What Does The Bible Say About Tattoos? Is It a Sin to Get a Tattoo?

what-does-the-bible-say-about-tattoos


Did you know that the Bible prohibits tattoos on our body?

Although tattoos have evolved a lot in recent decades, rudimentary tattooing techniques have been used since ancient times.

Tattoo fever came to The United States several decades ago. They are of all kinds. The eagerness of some to inject ink into their skin is such that their bodies are flooded with drawings and artistic expressions. There are those that turn out to be showy to the eyes. Others throw back whoever observes it.

Most tattoos symbolize a special event in the life of the wearer: an experience, a tribute to an absent loved one, a motivating phrase ... But let’s not fool ourselves either. Tattoos are not an invention that recent generations have made fashionable, since they have been used since ancient times, although it is true that with a very different meaning.

So much so that the Bible even makes mention of this issue. It does not refer to tattoos expressly, but it does refer to marks on the skin.

In Leviticus 19:28, it is explicitly stated: “Do not injure your body because of the dead, nor do you tattoo your skin. I am the Lord ”.

What does Leviticus refer to?

In this 19 chapter of Leviticus, God calls the people of Israel to live a life of holiness: “Be holy, because I, the Lord your God, am holy.” Once he made this call to Israel, God reminds them that obedience to a series of laws was fundamental so that in this way, the people could live according to the will of the Lord, unlike other territories.

In verse 28 reference is made to some of the practices of the pagan peoples. And among these practices mention is made of making cuts and wounds on the body as a symbol of mourning. It was a way of worshiping the dead. It was even also the way to distinguish who belonged to a slave. The technique they used to do this was to make a wound with a sharp object to later fill it with ink.

How do Christians interpret this verse today?

Today, many Christians use the Leviticus verse to justify their refusal to tattoo, since they believe that it would be to maintain a pagan custom of antiquity. Others, on the other hand, consider that there is no type of problem, since the verse refers to practices to honor pagan gods, so if the motivation of the tattoo is not to honor one of them, there should be no problem. And it is that as we have commented, most of today’s tattoos represent a tribute, a reminder, a prominent aspect of his life.

What does that verse refer to?

Chapter 19 of Leviticus begins with a call from God to the people of Israel exhorting them to live a life of holiness.

Be holy, because I, the Lord, your God, am holy.
(Leviticus 19: 2)

Being holy means being separate or apart. God is unique, there is no comparison between Him and the other gods or angels. In the same way, He wanted his chosen people to be different from other peoples in living a holy life, separate from everything that did not please Him.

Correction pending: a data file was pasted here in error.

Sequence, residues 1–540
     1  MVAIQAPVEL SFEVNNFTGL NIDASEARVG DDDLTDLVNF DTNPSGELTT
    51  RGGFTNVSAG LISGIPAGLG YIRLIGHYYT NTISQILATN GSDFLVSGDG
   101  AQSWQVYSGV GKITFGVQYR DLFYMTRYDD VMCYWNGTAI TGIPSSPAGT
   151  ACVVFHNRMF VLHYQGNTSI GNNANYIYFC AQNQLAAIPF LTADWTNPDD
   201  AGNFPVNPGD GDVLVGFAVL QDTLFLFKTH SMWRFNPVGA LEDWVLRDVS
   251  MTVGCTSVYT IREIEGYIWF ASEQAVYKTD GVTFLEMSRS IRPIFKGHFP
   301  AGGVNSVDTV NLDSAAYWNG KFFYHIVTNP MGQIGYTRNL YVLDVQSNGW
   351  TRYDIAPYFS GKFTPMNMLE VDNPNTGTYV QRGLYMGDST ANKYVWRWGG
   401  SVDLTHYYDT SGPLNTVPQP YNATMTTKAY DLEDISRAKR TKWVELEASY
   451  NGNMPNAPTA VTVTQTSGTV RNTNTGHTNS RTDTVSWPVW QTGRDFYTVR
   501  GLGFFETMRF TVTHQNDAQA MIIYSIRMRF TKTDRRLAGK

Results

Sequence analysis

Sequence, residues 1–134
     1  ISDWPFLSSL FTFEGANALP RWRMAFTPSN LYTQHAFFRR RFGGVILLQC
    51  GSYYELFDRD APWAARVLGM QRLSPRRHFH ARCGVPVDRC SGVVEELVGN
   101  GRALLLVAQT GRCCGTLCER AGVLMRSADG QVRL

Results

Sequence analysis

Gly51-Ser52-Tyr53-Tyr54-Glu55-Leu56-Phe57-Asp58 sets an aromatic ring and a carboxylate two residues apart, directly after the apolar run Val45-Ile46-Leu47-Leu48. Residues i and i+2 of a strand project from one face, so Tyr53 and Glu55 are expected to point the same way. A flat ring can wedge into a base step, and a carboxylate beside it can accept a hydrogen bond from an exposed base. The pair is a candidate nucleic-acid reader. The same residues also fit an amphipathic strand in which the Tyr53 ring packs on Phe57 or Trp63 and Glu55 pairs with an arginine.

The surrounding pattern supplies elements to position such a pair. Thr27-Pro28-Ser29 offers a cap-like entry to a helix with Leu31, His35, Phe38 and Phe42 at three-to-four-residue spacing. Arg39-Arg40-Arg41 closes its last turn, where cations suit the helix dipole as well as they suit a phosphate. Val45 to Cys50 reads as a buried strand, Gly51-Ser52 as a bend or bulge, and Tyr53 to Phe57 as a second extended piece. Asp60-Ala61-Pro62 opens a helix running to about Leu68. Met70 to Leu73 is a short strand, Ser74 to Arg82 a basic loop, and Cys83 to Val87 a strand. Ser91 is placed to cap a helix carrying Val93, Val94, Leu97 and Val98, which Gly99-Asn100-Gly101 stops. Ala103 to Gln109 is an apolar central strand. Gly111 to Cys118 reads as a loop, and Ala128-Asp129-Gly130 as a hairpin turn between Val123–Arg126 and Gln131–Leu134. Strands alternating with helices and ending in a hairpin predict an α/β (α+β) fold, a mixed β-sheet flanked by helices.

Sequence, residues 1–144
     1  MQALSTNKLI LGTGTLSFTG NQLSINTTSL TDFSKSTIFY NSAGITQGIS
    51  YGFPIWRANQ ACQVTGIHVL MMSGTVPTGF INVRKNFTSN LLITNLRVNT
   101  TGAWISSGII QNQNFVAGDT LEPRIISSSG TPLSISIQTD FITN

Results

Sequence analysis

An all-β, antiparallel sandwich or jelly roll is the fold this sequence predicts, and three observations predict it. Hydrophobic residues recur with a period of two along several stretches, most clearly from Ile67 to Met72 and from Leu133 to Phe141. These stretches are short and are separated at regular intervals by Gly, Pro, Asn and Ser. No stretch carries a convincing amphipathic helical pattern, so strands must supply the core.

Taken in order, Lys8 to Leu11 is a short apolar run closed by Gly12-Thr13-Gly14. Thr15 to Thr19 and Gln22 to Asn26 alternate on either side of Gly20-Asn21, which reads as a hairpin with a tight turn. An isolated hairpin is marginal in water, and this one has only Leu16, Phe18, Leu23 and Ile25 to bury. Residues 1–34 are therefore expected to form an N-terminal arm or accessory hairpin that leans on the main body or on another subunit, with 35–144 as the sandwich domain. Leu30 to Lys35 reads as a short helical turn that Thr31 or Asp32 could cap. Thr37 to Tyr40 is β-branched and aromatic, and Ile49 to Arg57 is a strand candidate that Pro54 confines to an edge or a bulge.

After calling the Israelites to a life of holiness, God reminds them of various laws and ordinances that He had given them previously. Obedience to those laws would be the basis for them to live according to their will. That would distinguish them from the people around them.

Verse 28 is part of the section on common practices among pagan peoples. There they mention, for example, eating things with blood or cutting their hair and beard in a specific way as a sign of the cult of a god. It also talks about making wounds on the body as an expression of mourning, superstition, or as a sign of respect for the dead.

The marks or tattoos spoken of in this verse were in honor of the idols or as a sign of mourning. They were also used to distinguish who a slave belonged to. It seems that they were scratched with their nails or with some kind of sharp object until they got a mark or scar and then they filled it with ink.

Tattoos in ancient times

The tattoos were used mainly as a sign of worship or worship of a god or an idol. As soon as others saw the brand they knew which god the other person served.

In some cultures like the Greek or the Roman they used tattoos to distinguish the social position or the military rank of someone. They were also used as a sign of belonging, that was in the case of slaves.

The two positions among Christians

Within Christianity we find two positions in terms of tattooing. On the one hand there are Christians who think that there is no problem with getting a tattoo and on the other hand there are those who believe that Christians should not do it.

Christians in favor of tattooing are based on the fact that this verse of Leviticus talks about practices to honor pagan gods. If one’s motivation has nothing to do with idols or pagan gods, then there is no problem. They do not see anything bad in that because a Christian person gets a tattoo just because he considers it an art or because he wants to have a reminder of something special.